“Their conversations were some of the most profound and interesting. Talking about people and how to live life and how to approach situations. I felt like at the end of these car rides and conversations that they had together, I was evolving as a person. I was really surprised at how connected they were in spirit.

There’s a lot of great women surfing out there, but they don’t necessarily carry themselves as well as Steph does. Or make me excited as a filmmaker. I think when people watch the film, they’re going to be blown away by how great she surfed and comes off as a person.”

And tonight is the first chance for people to be blown away! The film premieres first in New York City, followed by tour dates around the world over the next year.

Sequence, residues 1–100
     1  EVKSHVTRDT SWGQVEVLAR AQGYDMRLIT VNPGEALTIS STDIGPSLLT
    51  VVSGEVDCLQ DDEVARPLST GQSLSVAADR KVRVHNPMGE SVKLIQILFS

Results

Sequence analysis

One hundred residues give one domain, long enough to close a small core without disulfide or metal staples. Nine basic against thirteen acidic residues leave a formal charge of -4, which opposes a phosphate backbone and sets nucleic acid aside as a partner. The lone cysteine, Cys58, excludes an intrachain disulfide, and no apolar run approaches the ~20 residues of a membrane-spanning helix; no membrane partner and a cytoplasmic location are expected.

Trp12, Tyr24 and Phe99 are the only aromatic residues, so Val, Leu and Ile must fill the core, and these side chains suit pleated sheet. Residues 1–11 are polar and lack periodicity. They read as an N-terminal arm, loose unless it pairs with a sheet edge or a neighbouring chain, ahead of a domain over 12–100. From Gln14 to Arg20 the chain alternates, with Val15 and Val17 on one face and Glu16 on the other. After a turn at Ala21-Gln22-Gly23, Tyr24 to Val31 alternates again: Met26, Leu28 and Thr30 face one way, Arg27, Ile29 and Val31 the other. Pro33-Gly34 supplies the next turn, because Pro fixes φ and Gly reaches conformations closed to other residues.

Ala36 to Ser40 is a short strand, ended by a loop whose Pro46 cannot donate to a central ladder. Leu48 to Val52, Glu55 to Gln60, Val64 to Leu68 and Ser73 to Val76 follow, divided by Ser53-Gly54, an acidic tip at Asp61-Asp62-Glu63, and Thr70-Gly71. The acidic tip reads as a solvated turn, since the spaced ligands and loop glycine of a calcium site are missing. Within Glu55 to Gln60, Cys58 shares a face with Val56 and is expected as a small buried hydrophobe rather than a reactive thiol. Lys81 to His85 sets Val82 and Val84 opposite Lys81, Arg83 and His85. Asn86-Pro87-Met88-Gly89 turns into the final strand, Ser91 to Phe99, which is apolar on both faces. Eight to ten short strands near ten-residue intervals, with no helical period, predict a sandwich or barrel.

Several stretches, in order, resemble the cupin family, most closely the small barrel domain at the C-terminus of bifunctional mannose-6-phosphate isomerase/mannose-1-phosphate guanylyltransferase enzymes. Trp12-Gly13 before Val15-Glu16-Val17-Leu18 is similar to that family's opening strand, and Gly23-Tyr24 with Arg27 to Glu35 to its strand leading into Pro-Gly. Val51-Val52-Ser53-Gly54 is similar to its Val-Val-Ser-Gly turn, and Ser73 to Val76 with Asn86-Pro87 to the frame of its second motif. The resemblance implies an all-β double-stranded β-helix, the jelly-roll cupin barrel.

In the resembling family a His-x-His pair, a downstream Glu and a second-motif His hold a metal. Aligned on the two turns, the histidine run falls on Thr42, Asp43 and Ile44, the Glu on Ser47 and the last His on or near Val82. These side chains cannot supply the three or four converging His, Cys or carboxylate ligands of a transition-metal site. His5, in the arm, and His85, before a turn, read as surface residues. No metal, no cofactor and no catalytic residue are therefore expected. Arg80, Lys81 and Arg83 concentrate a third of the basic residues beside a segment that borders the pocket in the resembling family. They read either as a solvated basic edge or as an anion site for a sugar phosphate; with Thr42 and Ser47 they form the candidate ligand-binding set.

All Teton Gravity Research tour dates in North America & Europe here, Australia & New Zealand by Garage here.

Head to the Proximity website for more information about the film or to Taylor Steele’s website to see what else he’s up to.

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Focus

Oct 01, 2018

The Forbidden Zone: Mongols, to Your Horses

The rolling green hills, rocky passes, flower-laden meadows and clear streams of Gorkhi Terelj National Park in northern Mongolia is the birthplace of the Mongols. The Outdoor Journal spent a week on horseback with Stone Horse Expeditions in the heart of this country’s vast wilderness.

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WRITTEN BY

Apoorva Prasad